I was home.
In the flat hot light
Of a cloudless noon,
Desert distance is
But bright clouds in cerulean skies
Casting shadow-dotted distances,
Illuminate desert vastness.
So too with sound:
The desert quietude
But distant bird song
Rips its fabric, freeing
A deeper vastness of silence.
Wonderful, those moments of clarity, of feeling like I'm home! Smells bring these moments on--and so does birdsong, occasionally. I want to write a bit about how I've begun to attain more clarity, felt at home for longer stretches of time. But first, I need to contrast clarity with how I have usually felt in my life:
“I used to think I was indecisive, but now I’m not so sure.”
As far back as I can recall there have been times of self-doubt, sometimes in very long stretches. A psychologist would doubtless try to analyze what caused this self-doubt: was it my father leaving when I was a month old? Was it my mother’s loneliness and alcoholism? Was it the unremitting pain of congenital skin lesions (caused by incontinentia pigmenti) that plagued me for the first three months of my life?
It might as well have started with that first spank on the butt to get me to breathe--I actually don’t think it matters what “caused” the condition, if anything “caused” it at all. Temperament comes with us, from a time before this life: some babies are cranky and grow up to be cranky adults, while others smile and coo contentedly and remain sanguine their entire lives. I was (and still am) colicky, sensitive to stimuli, perceptive, and optimistic. I may also have been born with self-doubt! Be all this as it may, self-doubt has been an integral part of my mortal landscape, and understanding that it’s just a piece of the fabric of my being is more helpful than knowing where it came from.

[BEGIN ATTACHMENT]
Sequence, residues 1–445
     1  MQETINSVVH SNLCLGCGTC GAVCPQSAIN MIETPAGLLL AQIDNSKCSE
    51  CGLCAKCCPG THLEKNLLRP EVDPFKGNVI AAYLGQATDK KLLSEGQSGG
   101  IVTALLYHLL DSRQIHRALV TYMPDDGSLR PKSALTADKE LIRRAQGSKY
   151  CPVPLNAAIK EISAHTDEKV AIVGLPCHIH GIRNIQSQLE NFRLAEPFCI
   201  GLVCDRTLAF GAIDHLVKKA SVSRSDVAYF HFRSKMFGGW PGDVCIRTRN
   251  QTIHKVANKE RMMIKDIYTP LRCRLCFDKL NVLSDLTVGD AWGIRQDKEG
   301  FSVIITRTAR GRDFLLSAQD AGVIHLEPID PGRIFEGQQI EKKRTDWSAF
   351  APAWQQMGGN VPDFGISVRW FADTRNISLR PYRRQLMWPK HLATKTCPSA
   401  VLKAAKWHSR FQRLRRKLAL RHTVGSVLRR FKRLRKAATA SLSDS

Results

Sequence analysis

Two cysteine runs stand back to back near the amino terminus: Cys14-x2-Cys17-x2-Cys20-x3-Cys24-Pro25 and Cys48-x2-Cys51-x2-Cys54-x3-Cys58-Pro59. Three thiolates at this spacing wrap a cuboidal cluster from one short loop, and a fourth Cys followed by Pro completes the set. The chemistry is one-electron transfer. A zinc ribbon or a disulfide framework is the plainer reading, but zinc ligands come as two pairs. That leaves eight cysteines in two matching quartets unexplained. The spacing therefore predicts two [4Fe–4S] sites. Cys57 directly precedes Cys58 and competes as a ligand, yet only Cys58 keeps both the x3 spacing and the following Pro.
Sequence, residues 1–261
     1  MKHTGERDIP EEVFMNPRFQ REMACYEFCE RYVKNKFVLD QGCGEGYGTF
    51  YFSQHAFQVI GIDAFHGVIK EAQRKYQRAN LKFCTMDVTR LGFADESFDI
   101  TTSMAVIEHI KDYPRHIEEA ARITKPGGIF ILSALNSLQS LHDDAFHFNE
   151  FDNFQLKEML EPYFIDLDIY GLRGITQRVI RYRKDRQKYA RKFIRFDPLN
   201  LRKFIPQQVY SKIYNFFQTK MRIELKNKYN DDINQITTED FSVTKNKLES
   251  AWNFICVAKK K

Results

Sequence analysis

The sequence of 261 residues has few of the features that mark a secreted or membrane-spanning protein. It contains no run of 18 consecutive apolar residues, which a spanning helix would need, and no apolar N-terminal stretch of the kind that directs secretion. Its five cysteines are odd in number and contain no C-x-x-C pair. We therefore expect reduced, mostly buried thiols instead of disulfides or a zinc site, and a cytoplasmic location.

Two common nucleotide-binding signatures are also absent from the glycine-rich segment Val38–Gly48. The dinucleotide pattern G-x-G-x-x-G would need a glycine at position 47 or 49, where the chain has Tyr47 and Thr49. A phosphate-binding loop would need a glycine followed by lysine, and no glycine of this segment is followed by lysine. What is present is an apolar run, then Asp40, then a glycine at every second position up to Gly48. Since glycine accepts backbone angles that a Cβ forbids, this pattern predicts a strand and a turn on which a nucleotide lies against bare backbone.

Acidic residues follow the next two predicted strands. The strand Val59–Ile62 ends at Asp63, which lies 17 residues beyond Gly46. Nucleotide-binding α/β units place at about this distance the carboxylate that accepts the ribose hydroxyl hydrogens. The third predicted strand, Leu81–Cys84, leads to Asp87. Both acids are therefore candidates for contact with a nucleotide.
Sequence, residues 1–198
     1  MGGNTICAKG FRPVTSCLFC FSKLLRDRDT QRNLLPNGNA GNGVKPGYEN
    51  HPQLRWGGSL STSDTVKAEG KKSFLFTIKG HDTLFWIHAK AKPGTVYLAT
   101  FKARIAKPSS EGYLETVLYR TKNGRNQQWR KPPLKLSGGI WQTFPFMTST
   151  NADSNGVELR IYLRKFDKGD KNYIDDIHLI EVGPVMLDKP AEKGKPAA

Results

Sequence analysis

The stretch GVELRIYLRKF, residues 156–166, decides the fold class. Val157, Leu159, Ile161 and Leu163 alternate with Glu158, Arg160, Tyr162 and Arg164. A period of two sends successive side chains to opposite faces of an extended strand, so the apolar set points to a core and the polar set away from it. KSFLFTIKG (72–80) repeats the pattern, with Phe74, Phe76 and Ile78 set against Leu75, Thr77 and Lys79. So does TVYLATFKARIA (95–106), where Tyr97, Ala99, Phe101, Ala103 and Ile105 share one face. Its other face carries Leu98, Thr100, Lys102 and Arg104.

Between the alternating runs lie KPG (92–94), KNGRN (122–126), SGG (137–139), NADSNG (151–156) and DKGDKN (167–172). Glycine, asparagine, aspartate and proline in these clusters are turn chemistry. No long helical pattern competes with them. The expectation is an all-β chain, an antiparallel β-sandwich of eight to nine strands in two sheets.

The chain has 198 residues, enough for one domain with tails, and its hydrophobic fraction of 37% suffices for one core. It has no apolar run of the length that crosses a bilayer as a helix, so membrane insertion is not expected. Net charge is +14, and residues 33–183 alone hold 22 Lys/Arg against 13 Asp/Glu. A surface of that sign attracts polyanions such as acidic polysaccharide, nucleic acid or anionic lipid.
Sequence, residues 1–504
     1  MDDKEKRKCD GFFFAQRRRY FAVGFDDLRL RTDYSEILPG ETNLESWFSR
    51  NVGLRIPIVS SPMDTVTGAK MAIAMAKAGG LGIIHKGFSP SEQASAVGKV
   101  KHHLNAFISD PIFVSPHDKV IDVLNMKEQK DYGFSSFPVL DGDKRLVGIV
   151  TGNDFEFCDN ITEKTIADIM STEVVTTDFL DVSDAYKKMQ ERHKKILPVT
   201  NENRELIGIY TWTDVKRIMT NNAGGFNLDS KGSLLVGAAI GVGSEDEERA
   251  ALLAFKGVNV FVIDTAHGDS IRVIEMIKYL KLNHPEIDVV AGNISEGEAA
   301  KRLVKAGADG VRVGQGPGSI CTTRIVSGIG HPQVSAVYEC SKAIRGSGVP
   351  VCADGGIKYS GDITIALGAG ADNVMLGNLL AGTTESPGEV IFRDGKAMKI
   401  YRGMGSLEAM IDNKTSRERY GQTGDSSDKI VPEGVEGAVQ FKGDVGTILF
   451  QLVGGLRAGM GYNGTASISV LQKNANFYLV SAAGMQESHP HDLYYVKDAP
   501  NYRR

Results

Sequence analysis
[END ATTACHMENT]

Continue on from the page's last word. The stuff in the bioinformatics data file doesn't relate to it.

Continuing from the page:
Now, wrestling with self-doubt has been and still is my greatest mortal challenge. Knowing what I can control and what I cannot is my second-greatest challenge.
. . .
Clothing challenges of the self-doubting (women, perk up; this will sound familiar):
1. Milo Predonovitch called me up to go to a movie. I had met him while rockclimbing with Linda Crabtree at Lunch Rock near Tahquitz peak, felt at ease with him, and had given him my phone number despite much giggling from Linda. I recall spending about two hours staring at my closet wondering what to wear on a warm summer’s evening. I decided on a white button-down shirt, with rolled sleeves, worn untucked over madras bermuda shorts. Probably I wore penny loafers without socks. I was clean, my long hair brushed, my legs shaved. I was sixteen, a senior in high school.
Milo, who lived two hours away in Manhattan Beach, came for me, got introduced to my parents, and took me out to the Loma theater in Point Loma to watch “The Sound of Music.” He wasn’t exactly wearing a suit, but he was more dressed up than I was, and the moment we looked at each other, I knew I should have chosen a dress! I felt embarrassed and ill at ease all evening. Probably he did, too. It was my first and last date with Milo.
2. The summer before that senior year, I had spent five weeks at Humboldt State College in Arcata, California, with a group of other kids from around the country in a National Science Foundation summer school. I’d bought a red sweatshirt with the Humboldt State logo on the front, and paraded it--like everyone else there--inside out. It was the thing to do. But when I wore it to Grossmont High that Fall--nicely, over a white, mandatorily-knee-length skirt, I discovered that NO ONE ELSE wore sweatshirts at school, let alone inside out. I was stared at. I was mortified. I changed it during break to right-side-out, but it didn’t help. I felt completely outcast--as usual.